This ongoing project is investigating factors contributing to declines in herring gull (Larus argentatus smithsonianus) populations in Pukaskwa National Park. Understanding these declines is important because gull populations are a vital part of the Ecological Integrity of Pukaskwa’s coastal ecosystems. Herring gulls are also used as an indicator species in the Great Lakes by Environment and Climate Change Canada’s Great Lakes Herring Gull Monitoring Program (GLHGMP) to which Pukaskwa National Park contributes.


Methodology

In May 2015 and 2016, herring gull eggs were collected in both northern and southern regions of Pukaskwa National Park. Herring gull population declines have been more severe in the park’s southern region.

Egg and clutch size: Egg size (length and breadth) was recorded along with clutch size (number of eggs per nest). These endpoints provide an indication of the resources available to the female gull during egg formation.

Diet: Collected eggs were transported to the National Wildlife Research Centre in Ottawa. Egg contents (yolk and albumen) were homogenized and stored frozen in the National Wildlife Specimen Bank. Egg samples were used for corticosterone (a stress hormone), fatty acid, and stable carbon and nitrogen isotope analysis. Egg corticosterone is a measure of stress in laying females; results are pending. Fatty acids and stable isotopes provide an indication of bird diet. Other samples for assessing diet, i.e. regurgitated pellets containing undigestable food, were collected around nest sites for identification of food remains.

Incubation: Remote infrared digital cameras were installed at selected nest sites. Cameras took a photo each minute, 24 hours per day for weeks at a time. These photographs allowed an assessment of incubation attentiveness along with factors influencing nest success.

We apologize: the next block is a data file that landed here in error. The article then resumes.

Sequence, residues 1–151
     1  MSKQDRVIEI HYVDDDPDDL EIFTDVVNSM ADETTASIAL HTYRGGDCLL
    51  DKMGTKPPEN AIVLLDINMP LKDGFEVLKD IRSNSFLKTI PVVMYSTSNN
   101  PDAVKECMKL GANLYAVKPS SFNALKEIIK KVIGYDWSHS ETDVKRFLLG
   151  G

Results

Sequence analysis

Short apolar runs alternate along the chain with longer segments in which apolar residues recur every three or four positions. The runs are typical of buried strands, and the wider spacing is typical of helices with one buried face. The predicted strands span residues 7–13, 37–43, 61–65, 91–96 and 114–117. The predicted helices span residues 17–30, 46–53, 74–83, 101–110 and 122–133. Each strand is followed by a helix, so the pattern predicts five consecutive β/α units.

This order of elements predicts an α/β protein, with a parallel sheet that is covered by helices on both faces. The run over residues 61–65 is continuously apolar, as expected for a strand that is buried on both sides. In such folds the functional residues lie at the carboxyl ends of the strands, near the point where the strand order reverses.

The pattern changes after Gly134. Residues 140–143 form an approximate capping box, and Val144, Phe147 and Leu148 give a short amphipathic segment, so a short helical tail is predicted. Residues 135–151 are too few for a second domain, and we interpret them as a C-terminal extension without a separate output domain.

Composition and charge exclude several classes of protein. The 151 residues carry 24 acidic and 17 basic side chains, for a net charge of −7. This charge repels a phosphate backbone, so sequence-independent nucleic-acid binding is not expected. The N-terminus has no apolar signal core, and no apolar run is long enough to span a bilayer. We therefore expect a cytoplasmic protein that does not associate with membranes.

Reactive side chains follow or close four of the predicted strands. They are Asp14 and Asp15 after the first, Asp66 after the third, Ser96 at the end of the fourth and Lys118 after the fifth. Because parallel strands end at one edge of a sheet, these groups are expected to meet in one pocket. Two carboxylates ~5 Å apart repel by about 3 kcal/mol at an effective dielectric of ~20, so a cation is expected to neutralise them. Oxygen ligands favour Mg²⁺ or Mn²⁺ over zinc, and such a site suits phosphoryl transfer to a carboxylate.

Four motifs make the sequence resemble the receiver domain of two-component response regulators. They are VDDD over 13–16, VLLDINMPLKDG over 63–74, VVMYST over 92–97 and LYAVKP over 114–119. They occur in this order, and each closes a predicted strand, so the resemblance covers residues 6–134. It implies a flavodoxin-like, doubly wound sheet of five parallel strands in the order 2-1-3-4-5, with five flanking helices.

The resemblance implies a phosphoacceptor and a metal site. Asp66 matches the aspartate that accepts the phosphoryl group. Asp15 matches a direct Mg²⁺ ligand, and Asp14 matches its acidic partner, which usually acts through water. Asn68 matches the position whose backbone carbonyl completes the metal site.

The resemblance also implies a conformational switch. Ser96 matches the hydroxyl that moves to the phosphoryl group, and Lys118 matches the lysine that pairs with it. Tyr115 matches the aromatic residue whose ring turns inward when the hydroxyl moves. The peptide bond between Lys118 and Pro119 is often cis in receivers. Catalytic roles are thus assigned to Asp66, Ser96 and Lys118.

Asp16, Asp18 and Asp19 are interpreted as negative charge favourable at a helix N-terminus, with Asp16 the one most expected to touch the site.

Results and discussion

Egg and clutch size: Herring gull egg size did not differ between the southern and northern regions of the park, but the eggs were smaller than those found on colonies on Lakes Erie and Ontario where food is abundant (information from GLHGMP). Clutch size in southern region was smaller than in the northern region of the park.

Diet: In both years, diet markers in eggs indicated that gulls nesting in the southern region of the park were more reliant on natural foods than birds in northern region. Furthermore, anthropogenic foods were only found in herring gull pellets from the park’s northern region. Taken together, these results indicate that herring gulls in Pukaskwa National Park may be constrained by food availability. Birds in the park’s northern region are subsidizing their diets with anthropogenic foods possibly buffering the impacts of shortages in natural foods.

Incubation: Photos from remote cameras indicated that gulls nesting in the southern region of the park spent more time off their nests leaving their eggs vulnerable to conspecific predation. Decreased nest attentiveness could be linked to increased foraging effort in this region. These factors may be acting in concert to limit recruitment of young into the Pukaskwa National Park herring gull population. In 2017, we plan to use remote cameras to further assess nest attentiveness, predation, and nest success. In summary, results point to regional differences in herring gull diets within the park that may influence nest success and, ultimately, population trends. Further research is required to understand the nature of these relationships and implications for the application of herring gull population trends as an indicator of ecological integrity in Pukaskwa National Park.


Research Partners: Craig Hebert, Environment Canada and Climate Change, National Wildlife Research Centre, and Department of Biology, Carleton University, Bruce Laurich, Department of Biology, Carleton University